MISSIONARY BAPTIST CHURCH OF YOUNG AMERICA

A society of Missionary Baptists was organized at Young America, February 18, 1882, by the Rev. H. R. Todd, with the following charter members: Daniel C. and Susanna Rife; Michael and Elsie Beekner, Mary A. and Sarah E. Beekner, John E., Elizabeth and Ada H. Hopkins, Sarah E. McCrackin, Harriet Biggs, Mary E. Henry, Rebecca Hillman, Delilah Kerr, Luella Gilman, Hettie E. Marshall, Nancy Poundstone, Virginia Barnett. This society was an offshoot of the Sharon church in Carroll county. The society occupied the schoolhouse and occasionally the Disciple church for several years. In 1887 steps were taken to build a church, and on May 18 of that year Wm. Hollingworth deeded lot No. 15 in. the town of Young America to the trustees, and early in the following year a handsome brick church was completed. This building was enlarged and rebuilt in 1904, of the same material, at an expenditure of $5,500.

A Sunday school was organized October 6, 1888, and has been continuously in operation since that date, also a Ladies' Aid Society and B. Y. P. Union.

The church is in a flourishing condition and has a membership of 152. Preachers who have administered to the congregation, with dates of service, are: Rev. H. R. Todd, 1883; Rev. B. R. Ward, 1884-1890; Rev. ____ Carson, 1891-93; Rev. J. B. Morgan, 1893-1905; Rev. ____ Rake, 1906; Rev. W. P. Tedford, 1906-09; Rev. ____ Reese, 1909-10; Rev. J. H. Mitchell, 1910-13.

UNITED BRETHREN CHURCH

Center United. Brethren church was organized in Center school house, Deer Creek township, August 23, 1885, by the Rev. T. J. Keesey, and the following names appear on the charter roll: Wm. Hubler, Geo. Butts and wife, C. F. Butts and wife, J. G. Gish and wife, Asberry Ridenouse and wife, G. E. Beck and wife, John Burrows and wife, Sarah Henry, Richard Wills and wife, Mary (Blue) McClosky, Josie (Plank) Hess, Percilla Cripe, Newton Ridenour, Chas. Logan, Amos Studebaker and wife, Perry Bern and wife, Nancy Plank Chas. Butts and wife, Geo. Beck and wife, Griffith Gish and wife, Ellen Bowman, Florence Hyatt.

The same year a commodious frame church edifice, 33x47 feet in dimensions, was erected on the northeast corner of the southwest quarter, section 19, Deer Creek township, representing a capital of $2,000. The ground was donated by Mr. Fouts and Lewis Hyman.

A Sunday school was organized in 1888, which with the Ladies' Aid Society and Young People's Christian Union, are maintained and have proven great aids to the prosperity of the church, which has a member. ship of 140. The following pastors have administered to the spiritual wants of the congregation: Rev. T. J. Keesey, 1885-7; Rev. H. Clark, 1887-91; Rev. H. Butler, 1891-3; Rev. M. V. Hibbs, 1893-4; Rev. F. P. Overmeyer, 1894-8; Rev. I. W. Kimbrough, 1898-1900; Rev. H. W. Brown, 1900-01; Rev. O. F. Landis, 1901-05; Rev. W. H. Fetro, 1905- 06; Rev. C. A. Sickafoose, 1906-10; Rev. S. O. Goodrich, 1910-12; Rev. D. W. Gartman, 1912-13.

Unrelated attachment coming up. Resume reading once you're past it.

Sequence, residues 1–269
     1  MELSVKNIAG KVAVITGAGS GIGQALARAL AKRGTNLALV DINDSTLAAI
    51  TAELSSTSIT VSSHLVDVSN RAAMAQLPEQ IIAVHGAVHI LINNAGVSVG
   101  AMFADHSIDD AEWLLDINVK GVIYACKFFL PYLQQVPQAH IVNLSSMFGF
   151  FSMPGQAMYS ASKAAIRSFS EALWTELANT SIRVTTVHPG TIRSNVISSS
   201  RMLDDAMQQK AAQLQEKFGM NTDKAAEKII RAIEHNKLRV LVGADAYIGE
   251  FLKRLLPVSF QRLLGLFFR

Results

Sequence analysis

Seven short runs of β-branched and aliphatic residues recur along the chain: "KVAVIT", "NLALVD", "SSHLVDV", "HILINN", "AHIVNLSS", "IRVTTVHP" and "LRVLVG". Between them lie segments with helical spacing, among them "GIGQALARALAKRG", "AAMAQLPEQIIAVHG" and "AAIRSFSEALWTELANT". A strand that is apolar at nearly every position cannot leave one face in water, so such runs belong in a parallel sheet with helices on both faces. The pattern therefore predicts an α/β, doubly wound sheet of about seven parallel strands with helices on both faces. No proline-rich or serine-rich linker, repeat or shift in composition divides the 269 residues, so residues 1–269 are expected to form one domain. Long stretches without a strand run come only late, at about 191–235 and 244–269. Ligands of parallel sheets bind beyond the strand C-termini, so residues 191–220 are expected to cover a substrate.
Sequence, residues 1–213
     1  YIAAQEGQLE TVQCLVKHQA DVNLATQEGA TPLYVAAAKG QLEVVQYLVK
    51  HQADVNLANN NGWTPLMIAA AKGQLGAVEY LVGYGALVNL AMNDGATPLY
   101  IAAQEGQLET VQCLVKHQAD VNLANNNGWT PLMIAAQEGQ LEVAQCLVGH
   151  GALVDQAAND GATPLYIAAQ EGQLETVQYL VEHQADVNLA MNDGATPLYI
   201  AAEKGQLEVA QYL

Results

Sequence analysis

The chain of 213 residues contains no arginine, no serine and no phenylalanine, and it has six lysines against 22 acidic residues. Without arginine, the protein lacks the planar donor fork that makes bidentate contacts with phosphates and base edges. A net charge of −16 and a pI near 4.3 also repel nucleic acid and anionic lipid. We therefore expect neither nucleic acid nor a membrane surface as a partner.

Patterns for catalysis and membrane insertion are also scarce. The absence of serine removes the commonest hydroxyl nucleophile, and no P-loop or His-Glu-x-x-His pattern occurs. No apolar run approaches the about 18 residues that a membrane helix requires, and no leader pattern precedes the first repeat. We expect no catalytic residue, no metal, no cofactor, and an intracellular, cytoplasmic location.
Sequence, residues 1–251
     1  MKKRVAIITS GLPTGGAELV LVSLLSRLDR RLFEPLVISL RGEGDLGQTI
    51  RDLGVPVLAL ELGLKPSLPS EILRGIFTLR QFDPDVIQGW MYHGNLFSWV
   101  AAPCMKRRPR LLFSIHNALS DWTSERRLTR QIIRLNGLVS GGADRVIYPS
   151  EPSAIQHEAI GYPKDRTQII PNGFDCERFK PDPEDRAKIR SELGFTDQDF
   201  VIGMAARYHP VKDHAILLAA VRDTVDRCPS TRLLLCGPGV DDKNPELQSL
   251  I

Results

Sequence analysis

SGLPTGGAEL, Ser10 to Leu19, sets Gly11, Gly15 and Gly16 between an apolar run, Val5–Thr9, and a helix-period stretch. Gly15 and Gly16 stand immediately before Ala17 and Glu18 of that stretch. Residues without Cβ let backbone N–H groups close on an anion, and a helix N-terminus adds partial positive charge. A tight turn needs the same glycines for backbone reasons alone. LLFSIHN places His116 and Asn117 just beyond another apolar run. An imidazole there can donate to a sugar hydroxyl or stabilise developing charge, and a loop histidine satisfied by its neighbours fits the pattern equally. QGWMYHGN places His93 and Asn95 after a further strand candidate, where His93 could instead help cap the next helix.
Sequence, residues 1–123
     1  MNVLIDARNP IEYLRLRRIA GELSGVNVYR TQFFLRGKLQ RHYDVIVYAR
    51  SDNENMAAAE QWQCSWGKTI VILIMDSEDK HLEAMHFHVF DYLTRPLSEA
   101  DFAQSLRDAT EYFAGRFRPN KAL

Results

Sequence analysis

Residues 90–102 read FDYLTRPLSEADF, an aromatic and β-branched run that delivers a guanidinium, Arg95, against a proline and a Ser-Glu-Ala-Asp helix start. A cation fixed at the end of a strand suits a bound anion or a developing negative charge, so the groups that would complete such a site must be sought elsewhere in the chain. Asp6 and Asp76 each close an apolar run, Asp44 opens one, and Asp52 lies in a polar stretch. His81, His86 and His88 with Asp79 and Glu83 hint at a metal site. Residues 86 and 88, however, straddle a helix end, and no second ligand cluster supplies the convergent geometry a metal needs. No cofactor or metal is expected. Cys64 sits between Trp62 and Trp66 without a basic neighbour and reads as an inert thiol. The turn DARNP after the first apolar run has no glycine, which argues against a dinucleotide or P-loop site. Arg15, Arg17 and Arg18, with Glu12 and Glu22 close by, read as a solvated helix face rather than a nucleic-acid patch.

BETHEL M. E. CHURCH

Bethel M. E. class, an offshoot of Salem church, was organized at the Thomas school house, Deer Creek township, in 1880, with a charter roll of twelve members. Geo. Shelly was class leader and Rev. J. S. McElwee pastor for some years.

Meetings continued to be held in the school house at regular intervals until in the 'nineties, when a new school house was erected a quarter of a mile to the north, and the congregation bought the old school house, remodeled it, and converted it into a house of worship.

Bethel congregation was never large, but were a determined band of earnest Christian workers. Bethel belonged to the Walton charge, composed of Walton, Lincoln and Salem, and the same minister supplied the several pulpits. The congregation prospered for a season, but deaths, removals and other causes thinned their ranks, and they finally disbanded about 1909, and E. R. Munson was appointed to dispose of the church property and the members scattered, going to the surrounding churches.

MISSIONARY BAPTIST CHURCH

A society of Missionary Baptists was organized in the Thomas school about 1879, and assumed the name of "Antioch Church." It was a branch of the Judson church in Howard county, and had a charter membership of about fifteen. Prior to the organization of this congregation there had been a union Sunday school successfully managed under the superintendency of Geo. W. Shelly, and Antioch church affiliated with Bethel in the same school house in Sunday school work. Rev. Price Odell was the pastor of the faithful little flock for many years, and until it finally disbanded some years ago, and the members associated with the Young America church.

Rev. Price Odell was an upright citizen, a devout Christian and a faithful minister of the gospel of Christ. He was born in Carroll county, Indiana, 1822, moved to Deer Creek township in 1847, settling in the midst of the forest, and was largely instrumental in developing both the material and spiritual growth of the township where he resided until his death in 1913, at the advanced age of ninety one, fifty four years of which was spent in the ministry. He believed in works as well as faith, and with his own hands, aided in getting out the timber and constructing the Old Deer Creek Baptist church in 1852, and first became a member of that church.

Reverend Odell was united in marriage to Eliza Cline of Carroll county, in 1847, and was blessed with six children.

[Also see History of Deer Creek Township.]